Wanderlust: One Day In Baltimore

On the day of my arrival in Baltimore, a friend tipped me off to an altercation that happened between police and a young Black man at the same junction where Freddie Gray was arrested by officers, before dying in their custody. Fox News reported that the man was shot in the back while running away from police (they later retracted the report). So, I made my way over there quickly, camera in hand, to scope out the scene.

The taxi ride from downtown to North Avenue and Pennsylvania was a depressing one. Huge high-rises became abandoned, boarded up row houses. Thriving chain-food restaurants and businesses were replaced by liquor stores on every corner. And the busy, diverse swirl of locals became large groups of Black people, crowded onto the sidewalks, protesting on one corner of the intersection, with news trucks on another, and the media — comprised of mostly middle-aged, well-dressed White men — off to another side. By the time I arrived, the police were addressing the media from an enclosed space guarded by officers in riot gear, batons and guns at the hip. They released the details about the altercation: Supposedly, after being approached for no apparent reason, the man took off running and a gun fell out of his pocket and went off.

“I don’t believe none of that shit,” a tall Black man with braids said to me. “They shoot us down in the streets like dogs and always tryna cover it up.” He then pointed to a case of water sitting in the middle of the sidewalk.

“It’s hot out here sista,” he said, offering me a bottle. I gulped the water down and thanked him before moving through the crowd trying to find a witness to the actual altercation. Everyone who was still gathered seemed confused and most of the original witnesses had already dispersed. I stood there a bit longer, then decided I should head back before it got too dark out.

As I walked around looking for the subway station, it became more clear to me that this was more than simply just scene: it was a neighborhood. A neighborhood full of people struggling to keep a semblance of normalcy, to carry on with their lives in spite of all of the confusion and chaos. School was letting out and children were parading the streets — the teenagers strolling in small groups, the children walking hand-in-hand with parents or adult chaperones. An ice cream truck was parked on the side of the road in front of a completely burned out establishment with broken windows and boarded doors. I watched a mother order from the truck and hand her excited daughter a sprinkle-covered ice cream cone. The little girl’s eyes lit up in excitement as she took the first taste of the sweet treat. I smiled. The little girl returned my smile with a wave, her face practically glued to the ice cream.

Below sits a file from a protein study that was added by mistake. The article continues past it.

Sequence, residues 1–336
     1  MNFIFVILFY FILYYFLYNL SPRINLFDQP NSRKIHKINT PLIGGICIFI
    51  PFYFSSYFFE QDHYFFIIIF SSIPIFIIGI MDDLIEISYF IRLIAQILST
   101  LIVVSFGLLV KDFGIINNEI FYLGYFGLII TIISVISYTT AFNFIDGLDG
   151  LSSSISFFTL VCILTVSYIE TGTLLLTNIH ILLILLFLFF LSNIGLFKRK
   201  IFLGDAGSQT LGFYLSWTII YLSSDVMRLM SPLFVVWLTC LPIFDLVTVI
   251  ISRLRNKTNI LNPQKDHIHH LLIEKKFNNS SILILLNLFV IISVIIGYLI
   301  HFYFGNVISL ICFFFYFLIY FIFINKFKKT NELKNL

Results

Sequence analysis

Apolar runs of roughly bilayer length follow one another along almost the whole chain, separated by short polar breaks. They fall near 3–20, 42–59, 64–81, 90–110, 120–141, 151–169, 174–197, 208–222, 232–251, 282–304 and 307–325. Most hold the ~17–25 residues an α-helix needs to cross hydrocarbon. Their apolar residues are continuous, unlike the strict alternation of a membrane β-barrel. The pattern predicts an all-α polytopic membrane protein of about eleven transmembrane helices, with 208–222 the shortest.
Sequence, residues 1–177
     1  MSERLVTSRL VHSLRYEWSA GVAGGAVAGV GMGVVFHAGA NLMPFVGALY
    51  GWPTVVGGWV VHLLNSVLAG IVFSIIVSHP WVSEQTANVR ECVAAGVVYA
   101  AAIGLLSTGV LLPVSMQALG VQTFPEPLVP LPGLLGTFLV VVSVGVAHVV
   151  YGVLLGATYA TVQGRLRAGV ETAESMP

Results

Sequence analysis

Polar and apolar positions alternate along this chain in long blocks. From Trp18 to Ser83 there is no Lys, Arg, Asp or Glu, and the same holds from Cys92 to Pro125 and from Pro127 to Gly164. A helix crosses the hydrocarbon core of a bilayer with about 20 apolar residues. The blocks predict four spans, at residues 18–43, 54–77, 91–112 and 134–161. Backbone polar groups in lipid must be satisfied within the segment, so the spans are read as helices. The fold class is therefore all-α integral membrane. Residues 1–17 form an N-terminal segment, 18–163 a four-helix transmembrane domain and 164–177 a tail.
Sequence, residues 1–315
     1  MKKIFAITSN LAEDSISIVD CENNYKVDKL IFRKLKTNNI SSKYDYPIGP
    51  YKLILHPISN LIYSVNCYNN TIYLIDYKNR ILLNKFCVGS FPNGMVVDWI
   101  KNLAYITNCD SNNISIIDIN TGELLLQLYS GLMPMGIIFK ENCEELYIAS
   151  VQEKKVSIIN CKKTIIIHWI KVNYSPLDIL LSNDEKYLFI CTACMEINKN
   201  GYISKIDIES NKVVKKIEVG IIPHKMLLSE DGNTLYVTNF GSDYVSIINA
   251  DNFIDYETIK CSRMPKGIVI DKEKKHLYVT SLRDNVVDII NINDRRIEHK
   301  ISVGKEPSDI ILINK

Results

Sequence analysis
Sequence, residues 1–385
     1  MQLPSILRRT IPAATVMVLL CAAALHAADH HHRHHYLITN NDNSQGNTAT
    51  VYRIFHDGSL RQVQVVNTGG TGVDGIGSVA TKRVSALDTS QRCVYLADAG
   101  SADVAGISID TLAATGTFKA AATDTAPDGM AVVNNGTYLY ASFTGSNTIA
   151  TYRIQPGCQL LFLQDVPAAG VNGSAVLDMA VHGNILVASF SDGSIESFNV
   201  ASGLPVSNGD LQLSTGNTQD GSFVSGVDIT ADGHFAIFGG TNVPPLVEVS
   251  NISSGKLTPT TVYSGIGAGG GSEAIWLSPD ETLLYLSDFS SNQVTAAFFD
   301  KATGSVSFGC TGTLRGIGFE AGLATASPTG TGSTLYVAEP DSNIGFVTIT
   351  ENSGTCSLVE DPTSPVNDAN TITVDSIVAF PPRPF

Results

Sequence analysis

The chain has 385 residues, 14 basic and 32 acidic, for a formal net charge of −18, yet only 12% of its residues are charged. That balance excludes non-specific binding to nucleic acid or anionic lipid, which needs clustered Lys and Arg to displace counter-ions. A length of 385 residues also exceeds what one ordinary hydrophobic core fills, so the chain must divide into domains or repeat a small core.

When I finally made it to the train, I realized I had absolutely no idea where I was going.

“Which train do I take to go downtown,” I asked a little Black boy who looked around 12 years old. He pointed to the line with a “track 2″ sign hanging above it.

The train arrived within moments and we boarded together. He sat across from me with a bag of goodies that I could tell were recent purchases. The first thing he pulled out of the bag was a combination lock. He toyed with it momentarily, muttering the numbers under his breath and concentrating intently as he tried to unlock it. I immediately thought about my middle school and high school years, where I did the same exact thing and smiled a bit. When he accomplished his task, he put the lock away then pulled out a pair of plastic handcuffs. My heart sank. I wanted to stand up, snatch them away and toss them into the nearest garbage. With so many young Black men ushered into the prison system via the education system, it felt like his future was being foreshadowed with those two items. And it pained me so deeply.

“Why do you have a pair of handcuffs?” I questioned him. He shrugged his shoulders and continued to fiddle with the toy, pushing the tiny key into the lock and releasing the cuffs, then pressing them back into the secure position.

In that moment, the prison-to-school pipeline became more than just a theory supported by numbers and statistics.  The thousands of little boys and girls of color who are shuffled through that system has a face. That boy and his two possessions made it all feel far too real for me. The burdensome reality of the challenges he will face as he grows from a boy to a man. And the fear that he, and so many innocent children just like him, may not survive the system unscathed. I felt not only saddened, but powerless and angry. I felt like I needed to do something, to say something. But I couldn’t find the words. As the train rolled into the next stop, he shoved the cuffs back into his plastic bag and exited.

Whenever my mind returns to the memory, I feel guilty. I did not say anything to him. I didn’t warn him. I can’t do anything for him or to protect him. I can only hope that he will not become a statistic, that he will beat the odds. I also feel guilty that I might have hurt his innocence with my questioning and harsh stare at the cuffs he clutched. In lighter-skinned hands, would I have viewed them as anything other than a harmless toy?

The train lurched forward and the boy disappeared as we sped away. The magnified feelings, however, stayed with me. The emotions that I usually roll up tightly and shove deep inside like an over-stuffed suitcase are bursting out of me; the seams of my consciousness that help me hold it all together are coming undone. I need to do something — writing about it is simply not enough.